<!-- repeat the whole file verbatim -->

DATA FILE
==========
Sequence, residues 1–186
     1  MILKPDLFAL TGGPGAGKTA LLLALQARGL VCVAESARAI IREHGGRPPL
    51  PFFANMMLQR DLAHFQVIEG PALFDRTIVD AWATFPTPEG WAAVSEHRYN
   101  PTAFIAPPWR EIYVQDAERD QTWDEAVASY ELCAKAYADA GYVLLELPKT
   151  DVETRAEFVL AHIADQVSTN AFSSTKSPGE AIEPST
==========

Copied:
Sequence, residues 1–186
     1  MILKPDLFAL TGGPGAGKTA LLLALQARGL VCVAESARAI IREHGGRPPL
    51  PFFANMMLQR DLAHFQVIEG PALFDRTIVD AWATFPTPEG WAAVSEHRYN
   101  PTAFIAPPWR EIYVQDAERD QTWDEAVASY ELCAKAYADA GYVLLELPKT
   151  DVETRAEFVL AHIADQVSTN AFSSTKSPGE AIEPST